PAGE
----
• @EelcoHoogendoorn Curious to understand why order=2 chosen over others? – Henry Thornton Jul 5 '15 at 7:35
• Because the Euclidian/pythagoran norm happens to be the most frequently used one; wouldn't you agree? – Eelco Hoogendoorn Jul 6 '15 at 8:47

You can specify ord to get the L1 norm. To avoid zero division I use eps, but that's maybe not great.

``````def normalize(v):
norm=np.linalg.norm(v, ord=1)
if norm==0:
norm=np.finfo(v.dtype).eps
return v/norm
``````
• normalizing `[inf, 1, 2]` yields `[nan, 0, 0]`, but shouldn't it be `[1, 0, 0]`? – pasbi Mar 9 '18 at 16:30

If you have multidimensional data and want each axis normalized to itself:

``````def normalize(d):
# d is a (n x dimension) np array
d -= np.min(d, axis=0)
d /= np.ptp(d, axis=0)
return d
``````

Uses numpys peak to peak function.

This might also work for you

``````import numpy as np
normalized_v = v / np.sqrt(np.sum(v**2))
``````

but fails when `v` has length 0.

There is also the function `unit_vector()` to normalize vectors in the popular transformations module by Christoph Gohlke:

``````import transformations as trafo
import numpy as np

data = np.array([[1.0, 1.0, 0.0],
[1.0, 1.0, 1.0],
[1.0, 2.0, 3.0]])

print(trafo.unit_vector(data, axis=1))
``````

If you want to normalize n dimensional feature vectors stored in a 3D tensor, you could also use PyTorch:

``````import numpy as np
from torch import FloatTensor
from torch.nn.functional import normalize

vecs = np.random.rand(3, 16, 16, 16)
norm_vecs = normalize(FloatTensor(vecs), dim=0, eps=1e-16).numpy()
``````

If you're working with 3D vectors, you can do this concisely using the toolbelt vg. It's a light layer on top of numpy and it supports single values and stacked vectors.

``````import numpy as np
import vg

x = np.random.rand(1000)*10
norm1 = x / np.linalg.norm(x)
norm2 = vg.normalize(x)
print np.all(norm1 == norm2)
# True
``````

I created the library at my last startup, where it was motivated by uses like this: simple ideas which are way too verbose in NumPy.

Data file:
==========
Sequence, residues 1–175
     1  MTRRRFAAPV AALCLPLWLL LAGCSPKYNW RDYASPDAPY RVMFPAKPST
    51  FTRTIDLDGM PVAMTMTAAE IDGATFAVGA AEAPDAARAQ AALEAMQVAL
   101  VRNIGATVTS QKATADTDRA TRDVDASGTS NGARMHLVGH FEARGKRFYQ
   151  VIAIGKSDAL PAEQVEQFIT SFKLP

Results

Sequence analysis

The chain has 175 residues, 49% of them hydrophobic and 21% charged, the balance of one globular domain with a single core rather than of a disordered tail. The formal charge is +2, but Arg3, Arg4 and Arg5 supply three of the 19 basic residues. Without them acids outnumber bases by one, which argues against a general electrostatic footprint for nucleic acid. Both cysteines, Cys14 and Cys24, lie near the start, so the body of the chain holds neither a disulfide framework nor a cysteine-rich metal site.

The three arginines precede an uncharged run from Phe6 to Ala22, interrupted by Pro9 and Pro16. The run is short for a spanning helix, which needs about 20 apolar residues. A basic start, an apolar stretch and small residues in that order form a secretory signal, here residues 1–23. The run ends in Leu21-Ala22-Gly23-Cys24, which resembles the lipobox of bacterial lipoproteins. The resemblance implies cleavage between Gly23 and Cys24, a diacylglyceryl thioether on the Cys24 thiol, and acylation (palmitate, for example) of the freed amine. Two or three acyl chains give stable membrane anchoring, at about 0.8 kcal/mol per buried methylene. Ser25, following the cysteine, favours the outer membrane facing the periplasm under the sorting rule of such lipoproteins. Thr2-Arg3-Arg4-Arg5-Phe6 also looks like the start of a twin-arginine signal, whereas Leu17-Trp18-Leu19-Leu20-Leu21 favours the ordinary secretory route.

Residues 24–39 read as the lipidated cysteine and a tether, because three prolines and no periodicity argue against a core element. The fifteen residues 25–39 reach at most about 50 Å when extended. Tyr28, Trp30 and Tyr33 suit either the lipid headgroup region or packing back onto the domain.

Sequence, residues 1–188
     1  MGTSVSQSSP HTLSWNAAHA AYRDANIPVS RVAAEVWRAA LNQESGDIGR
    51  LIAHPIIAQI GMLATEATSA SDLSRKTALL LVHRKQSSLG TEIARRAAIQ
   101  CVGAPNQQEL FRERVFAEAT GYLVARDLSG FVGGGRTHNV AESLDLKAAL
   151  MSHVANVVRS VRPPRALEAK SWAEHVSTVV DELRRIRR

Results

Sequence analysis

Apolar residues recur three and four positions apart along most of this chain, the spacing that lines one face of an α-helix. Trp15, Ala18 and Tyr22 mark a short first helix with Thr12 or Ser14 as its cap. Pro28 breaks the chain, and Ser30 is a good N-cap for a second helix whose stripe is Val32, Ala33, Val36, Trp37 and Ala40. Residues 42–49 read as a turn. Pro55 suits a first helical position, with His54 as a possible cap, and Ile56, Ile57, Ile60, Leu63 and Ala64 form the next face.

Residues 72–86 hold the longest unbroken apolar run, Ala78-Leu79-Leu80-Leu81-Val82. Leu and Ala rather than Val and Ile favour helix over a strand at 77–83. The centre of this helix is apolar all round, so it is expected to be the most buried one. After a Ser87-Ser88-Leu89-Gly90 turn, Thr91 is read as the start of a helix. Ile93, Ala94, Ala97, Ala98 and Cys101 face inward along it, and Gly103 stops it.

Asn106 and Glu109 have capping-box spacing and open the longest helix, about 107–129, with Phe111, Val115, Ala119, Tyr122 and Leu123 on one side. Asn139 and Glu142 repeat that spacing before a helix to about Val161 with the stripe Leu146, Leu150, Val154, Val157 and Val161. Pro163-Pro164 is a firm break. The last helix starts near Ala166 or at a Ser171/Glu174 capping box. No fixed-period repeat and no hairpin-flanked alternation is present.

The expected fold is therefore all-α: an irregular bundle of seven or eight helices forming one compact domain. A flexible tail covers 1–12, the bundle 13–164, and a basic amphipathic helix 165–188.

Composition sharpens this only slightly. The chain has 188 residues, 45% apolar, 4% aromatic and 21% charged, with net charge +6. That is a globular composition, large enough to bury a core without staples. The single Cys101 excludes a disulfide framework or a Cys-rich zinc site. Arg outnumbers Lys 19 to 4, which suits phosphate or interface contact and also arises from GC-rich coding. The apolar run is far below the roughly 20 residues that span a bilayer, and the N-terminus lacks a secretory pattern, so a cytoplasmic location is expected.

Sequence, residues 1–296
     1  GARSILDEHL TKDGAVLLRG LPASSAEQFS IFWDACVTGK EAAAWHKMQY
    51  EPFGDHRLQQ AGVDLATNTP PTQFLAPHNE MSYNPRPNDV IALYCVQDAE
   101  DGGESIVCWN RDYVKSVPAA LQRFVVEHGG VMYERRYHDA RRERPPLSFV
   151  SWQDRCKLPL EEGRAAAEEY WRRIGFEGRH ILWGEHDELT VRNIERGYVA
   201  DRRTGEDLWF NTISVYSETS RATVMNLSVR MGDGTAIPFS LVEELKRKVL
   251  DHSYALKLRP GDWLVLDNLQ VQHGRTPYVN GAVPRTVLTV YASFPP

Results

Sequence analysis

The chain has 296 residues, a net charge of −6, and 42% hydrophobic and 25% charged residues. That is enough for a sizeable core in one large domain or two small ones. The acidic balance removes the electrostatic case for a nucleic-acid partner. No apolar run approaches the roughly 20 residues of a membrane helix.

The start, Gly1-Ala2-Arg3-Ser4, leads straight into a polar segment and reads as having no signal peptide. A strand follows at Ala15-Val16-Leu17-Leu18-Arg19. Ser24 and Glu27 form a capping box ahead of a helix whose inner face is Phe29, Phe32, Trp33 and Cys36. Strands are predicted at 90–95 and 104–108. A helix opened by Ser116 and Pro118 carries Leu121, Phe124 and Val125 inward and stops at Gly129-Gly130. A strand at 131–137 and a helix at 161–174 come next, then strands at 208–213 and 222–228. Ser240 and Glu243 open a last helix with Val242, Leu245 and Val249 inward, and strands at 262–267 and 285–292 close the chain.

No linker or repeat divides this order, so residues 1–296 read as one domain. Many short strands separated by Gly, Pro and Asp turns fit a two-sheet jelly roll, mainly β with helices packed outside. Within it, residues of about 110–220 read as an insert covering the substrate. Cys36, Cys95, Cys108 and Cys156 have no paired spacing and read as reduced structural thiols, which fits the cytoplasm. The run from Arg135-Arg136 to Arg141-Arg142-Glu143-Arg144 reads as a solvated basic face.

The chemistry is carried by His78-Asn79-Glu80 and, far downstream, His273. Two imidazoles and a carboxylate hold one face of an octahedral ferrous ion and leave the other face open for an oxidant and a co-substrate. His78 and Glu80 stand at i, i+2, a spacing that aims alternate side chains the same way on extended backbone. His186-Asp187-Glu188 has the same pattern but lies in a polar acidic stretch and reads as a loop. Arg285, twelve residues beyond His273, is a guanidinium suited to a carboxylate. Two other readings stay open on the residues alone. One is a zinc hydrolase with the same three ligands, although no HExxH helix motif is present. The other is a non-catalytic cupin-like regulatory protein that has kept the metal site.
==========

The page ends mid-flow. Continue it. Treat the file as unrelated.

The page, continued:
You mentioned sci-kit learn, so I wanna share another solution.

### sci-kit learn `MinMaxScaler`

In sci-kit learn, there is a API called `MinMaxScaler` which can customize the the value range as you like.

It also deal with NaN issues for us.

NaNs are treated as missing values: disregarded in fit, and maintained in transform. ... see reference [1]

### Code sample

The code is simple, just type

``````# Let's say X_train is your input dataframe
from sklearn.preprocessing import MinMaxScaler
# call MinMaxScaler object
min_max_scaler = MinMaxScaler()
# feed in a numpy array
X_train_norm = min_max_scaler.fit_transform(X_train.values)
# wrap it up if you need a dataframe
df = pd.DataFrame(X_train_norm)
``````
Reference

If you don't need utmost precision, your function can be reduced to:

``````v_norm = v / (np.linalg.norm(v) + 1e-16)
``````

Without `sklearn` and using just `numpy`. Just define a function:.

Assuming that the rows are the variables and the columns the samples (`axis= 1`):

``````import numpy as np

# Example array
X = np.array([[1,2,3],[4,5,6]])

def stdmtx(X):
means = X.mean(axis =1)
stds = X.std(axis= 1, ddof=1)
X= X - means[:, np.newaxis]
X= X / stds[:, np.newaxis]
return np.nan_to_num(X)

``````

output:

``````X
array([[1, 2, 3],
[4, 5, 6]])

stdmtx(X)
array([[-1.,  0.,  1.],
[-1.,  0.,  1.]])

``````